THE MINERAL PYRITE
- Chemistry: FeS2, Iron Sulfide
- Class: Sulfides
- Group: Pyrite
- Uses: A very minor ore of sulfur for sulfuric acid, used in jewelry under the trade name "marcasite" and as mineral specimens.
Pyrite is the classic "Fool's Gold".
There are other shiny brassy yellow minerals, but pyrite is by far the most common and the most often mistaken for gold
Whether it is the golden look or something else, pyrite is a favorite among rock collectors.
It can have a beautiful luster and interesting crystals.
It is so common in the earth's crust that it is found in almost every possible environment,
hence it has a vast number of forms and varieties.
Bravoite is the name given to a nickel-rich iron sulfide.
It is closely related to pyrite but contains up to 20% nickel.
Some mineral books treat it as a variety of pyrite.
Pyrite is a polymorph of marcasite, which means that it has the same chemistry, FeS2, as marcasite; but a different structure and therefore different symmetry and crystal shapes.
Pyrite is difficult to distinguish from marcasite when a lack of clear indicators exists.
Pyrite's structure is analogous to galena's structure with a formula of PbS.
Galena, though, has a higher symmetry.
The difference between the two structures is that the single sulfur of galena is replaced by a pair of sulfurs in pyrite.
The sulfur pair are covalently bonded together in essentially an elemental bond.
This pair disrupts the four fold symmetry that a single atom of sulfur would have preserved
and thus gives pyrite a lower symmetry than galena.
Although pyrite is common and contains a high percentage of iron, it has never been used as a significant source of iron.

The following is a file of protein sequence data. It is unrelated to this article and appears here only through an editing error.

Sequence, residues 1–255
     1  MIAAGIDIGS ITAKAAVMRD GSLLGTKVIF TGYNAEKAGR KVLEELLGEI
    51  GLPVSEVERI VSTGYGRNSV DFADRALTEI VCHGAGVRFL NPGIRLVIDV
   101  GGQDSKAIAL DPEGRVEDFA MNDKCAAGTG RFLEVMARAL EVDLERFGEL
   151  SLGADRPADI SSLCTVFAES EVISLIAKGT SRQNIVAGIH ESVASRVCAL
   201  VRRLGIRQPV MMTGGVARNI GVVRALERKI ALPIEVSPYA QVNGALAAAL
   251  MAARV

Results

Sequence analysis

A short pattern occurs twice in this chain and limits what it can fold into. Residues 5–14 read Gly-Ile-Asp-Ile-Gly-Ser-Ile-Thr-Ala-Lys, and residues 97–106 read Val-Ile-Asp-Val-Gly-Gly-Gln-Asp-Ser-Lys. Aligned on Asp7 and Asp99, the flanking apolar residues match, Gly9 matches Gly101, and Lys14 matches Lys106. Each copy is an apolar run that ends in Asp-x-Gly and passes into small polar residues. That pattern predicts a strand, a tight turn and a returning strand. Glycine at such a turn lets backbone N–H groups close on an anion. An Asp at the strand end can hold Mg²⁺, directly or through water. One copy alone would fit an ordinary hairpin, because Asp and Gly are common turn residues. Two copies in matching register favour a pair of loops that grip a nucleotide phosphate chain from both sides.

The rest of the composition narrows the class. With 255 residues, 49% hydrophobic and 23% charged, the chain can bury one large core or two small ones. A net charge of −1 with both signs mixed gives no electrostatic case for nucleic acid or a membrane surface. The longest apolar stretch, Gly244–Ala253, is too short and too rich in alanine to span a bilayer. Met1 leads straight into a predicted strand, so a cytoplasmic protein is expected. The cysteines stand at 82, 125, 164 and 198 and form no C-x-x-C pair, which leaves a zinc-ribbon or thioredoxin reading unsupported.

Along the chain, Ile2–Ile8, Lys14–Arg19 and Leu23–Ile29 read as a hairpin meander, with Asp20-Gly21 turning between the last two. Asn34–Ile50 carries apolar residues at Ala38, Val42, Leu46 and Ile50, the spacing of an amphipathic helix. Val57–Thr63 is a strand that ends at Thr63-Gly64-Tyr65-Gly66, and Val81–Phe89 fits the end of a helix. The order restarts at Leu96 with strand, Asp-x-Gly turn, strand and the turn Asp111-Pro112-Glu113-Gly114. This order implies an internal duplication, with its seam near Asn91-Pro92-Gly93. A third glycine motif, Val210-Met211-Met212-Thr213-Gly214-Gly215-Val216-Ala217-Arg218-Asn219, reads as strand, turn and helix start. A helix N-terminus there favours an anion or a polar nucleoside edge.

Iron oxides such as hematite and
magnetite, are the primary iron ores.
Pyrite is not as ecomonical as these ores possibly due to their tendency to form larger concentrations of more easily mined material.
Pyrite would be a potential source of iron if these ores should become scarce.
Pyrite has been mined for its sulfur content, however.
During WWII, sulfur was in demand as a strategic chemical and North American
native sulfur mines were drying up.
A sulfide deposit near Ducktown, Tennessee contained commercially valuable deposits of pyrite and other sulfides such as pyrrhotite and
pentlandite and produced the needed sulfur as well as iron and other metals.
The sulfur was used in the production of sulfuric acid, an important chemical for industrial purposes.
Now most sulfur production comes from H2S gas recovered from natural gas wells.
Color is brassy yellow.
Luster is metallic.
Transparency: Crystals are opaque.
Crystal System is isometric; bar 3 2/m
Crystal Habits include the cube, octahedron and pyritohedron (a dodecahedron with pentagonal faces) and crystals with combinations of these forms.
Good interpenetration twins called iron crosses are rare.
Pyrite is commonly found in nodules.
A flattened nodular variety called "Pyrite Suns" or "Pyrite Dollars" is popular in rock shops.
Also massive or reniform and replaces other minerals and fossils forming pseudomorphs or copies.
Cleavage is very indistinct.
Fracture is conchoidal.
Hardness is 6 - 6.5
Specific Gravity is approximately 5.1+ (heavier than average for metallic minerals)
Streak is greenish black.
Other Characteristics: Brittle, striations on cubic faces caused by crossing of pyritohedron with cube. (note - striations on cube faces also demonstrate pyrite's lower symmetry).
Pyrite (unlike gold) is not malleable.
Associated Minerals are quartz,
fluorite and many other minerals.
Pyrite is so common it may be quicker to name the unassociated minerals.
Notable Occurrences include Illinois and Missouri, USA; Peru; Germany; Russia; Spain; and South Africa among many others.
Best Field Indicators are crystal habit, hardness, streak, luster and brittleness.